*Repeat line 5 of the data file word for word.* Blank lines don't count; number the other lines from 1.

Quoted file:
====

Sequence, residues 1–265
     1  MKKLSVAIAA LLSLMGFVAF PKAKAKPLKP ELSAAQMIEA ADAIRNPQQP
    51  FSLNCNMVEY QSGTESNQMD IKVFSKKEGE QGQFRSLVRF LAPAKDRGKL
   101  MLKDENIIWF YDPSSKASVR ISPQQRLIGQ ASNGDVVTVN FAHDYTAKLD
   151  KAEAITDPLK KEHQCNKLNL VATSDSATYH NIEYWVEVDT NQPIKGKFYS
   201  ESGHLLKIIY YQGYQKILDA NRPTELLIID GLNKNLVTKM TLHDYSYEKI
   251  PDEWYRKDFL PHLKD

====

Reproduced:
   151  KAEAITDPLK KEHQCNKLNL VATSDSATYH NIEYWVEVDT NQPIKGKFYS